On Tuesday President Obama demanded once again that Congress include a way for undocumented immigrants to become citizens, a sticking point for House Republicans who want to address border security first. The poll finds continued hesitance among their base: 58 percent of Republicans oppose a path to citizenship, while most independents (55 percent) and Democrats (69 percent) support it.
An even larger majority, 64 percent, support adding 20,000 border agents and 700 miles of fence along the border with Mexico. But support drops by 11 percentage points, to 53 percent, among the random half of respondents who were asked the same question but also told the measures came "at a cost of 46 billion dollars." (Respondents were randomly assigned to hear the proposal with or without the cost; results for each group are reported separately).
While Senate bill's two cornerstones each enjoy majority support, the overlap is far from complete and breaks down along well-worn party lines. Democrats express wide support for a pathway to citizenship but fewer than half (43 percent) support border controls for the price of $46 billion. Republicans overwhelmingly support heightened border control but are against the idea of a citizenship path.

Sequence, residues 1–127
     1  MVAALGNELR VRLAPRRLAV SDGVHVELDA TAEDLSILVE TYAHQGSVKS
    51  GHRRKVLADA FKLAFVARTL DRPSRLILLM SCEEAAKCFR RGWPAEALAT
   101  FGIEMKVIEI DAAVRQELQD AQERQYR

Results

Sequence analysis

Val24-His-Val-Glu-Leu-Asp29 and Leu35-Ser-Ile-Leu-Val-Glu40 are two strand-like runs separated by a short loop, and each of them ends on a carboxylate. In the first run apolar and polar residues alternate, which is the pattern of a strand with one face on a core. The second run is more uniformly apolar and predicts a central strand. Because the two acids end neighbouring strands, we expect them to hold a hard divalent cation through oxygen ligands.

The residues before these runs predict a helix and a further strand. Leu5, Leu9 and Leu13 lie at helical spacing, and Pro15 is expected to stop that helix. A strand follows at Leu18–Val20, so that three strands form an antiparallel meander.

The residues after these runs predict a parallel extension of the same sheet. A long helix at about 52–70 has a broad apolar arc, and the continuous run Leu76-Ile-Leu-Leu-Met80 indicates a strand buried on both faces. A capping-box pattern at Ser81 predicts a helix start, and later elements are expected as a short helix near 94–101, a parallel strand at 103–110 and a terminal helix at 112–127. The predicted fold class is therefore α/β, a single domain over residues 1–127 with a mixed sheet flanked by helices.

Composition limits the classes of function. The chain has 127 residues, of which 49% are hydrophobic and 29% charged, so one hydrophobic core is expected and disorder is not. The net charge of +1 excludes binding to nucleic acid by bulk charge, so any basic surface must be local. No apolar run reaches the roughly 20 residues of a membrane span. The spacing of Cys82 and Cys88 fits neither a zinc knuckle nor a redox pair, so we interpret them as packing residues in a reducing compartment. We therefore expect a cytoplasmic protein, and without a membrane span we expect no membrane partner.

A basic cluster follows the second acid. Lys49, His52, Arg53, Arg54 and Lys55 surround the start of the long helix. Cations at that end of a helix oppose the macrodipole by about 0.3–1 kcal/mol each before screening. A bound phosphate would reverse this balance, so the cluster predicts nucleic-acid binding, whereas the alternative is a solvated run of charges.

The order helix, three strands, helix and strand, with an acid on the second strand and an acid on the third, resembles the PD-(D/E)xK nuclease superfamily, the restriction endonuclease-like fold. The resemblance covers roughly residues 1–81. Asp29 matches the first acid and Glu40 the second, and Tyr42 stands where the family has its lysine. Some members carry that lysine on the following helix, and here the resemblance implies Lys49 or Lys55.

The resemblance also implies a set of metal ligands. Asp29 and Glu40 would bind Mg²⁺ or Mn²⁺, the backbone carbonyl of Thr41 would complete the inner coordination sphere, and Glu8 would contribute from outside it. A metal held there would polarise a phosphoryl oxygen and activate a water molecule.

The survey underscores the competing priorities Americans see on the immigration issue. The 11-point drop in support for border measures indicates that some people only support border control efforts up to a point. Most people want to secure the border but some are discouraged by the cost of doing so.
Support for a path to citizenship also ranges widely across pollsters and question wording. While most polls have found majority support for the idea, the public seems more inclined to support the idea when questions specify multiple conditions under which a legal status can be achieved. This may indicate that the public sees value in requiring undocumented immigrants to go through a rigorous process before gaining a route to citizenship.
Former Maine Republican senator Olympia Snowe is teaming up with Main Street Advocacy and its allied super PAC to raise and spend $8 million defending centrist Republican incumbents.
House Speaker John Boehner (R-Ohio) said Congress should address children brought to the U.S. illegally.
Texas state Sen. Wendy Davis (D) has spent nearly $200,000 to defend her district from being reshaped by Republicans.
Sen. Marco Rubio (R-Fla.) will face the Tea Party Caucus next week.
Grover Norquist is open to backing Liz Cheney over Wyoming Republican Sen. Mike Enzi.
A high school student irritated White House Press Secretary Jay Carney.
New Jersey Gov. Chris Christie (R) hung out with Bunk.
"McDonnell helped benefactor get meeting with Va. health secretary, e-mails show" -- Laura Vozzella and Rosalind S. Helderman, Washington Post
"Dems pin immigration hopes on GOP's Ryan" -- Donna Cassata, Associated Press
Clement is a survey research analyst with Capital Insight, the independent polling group of Washington Post Media.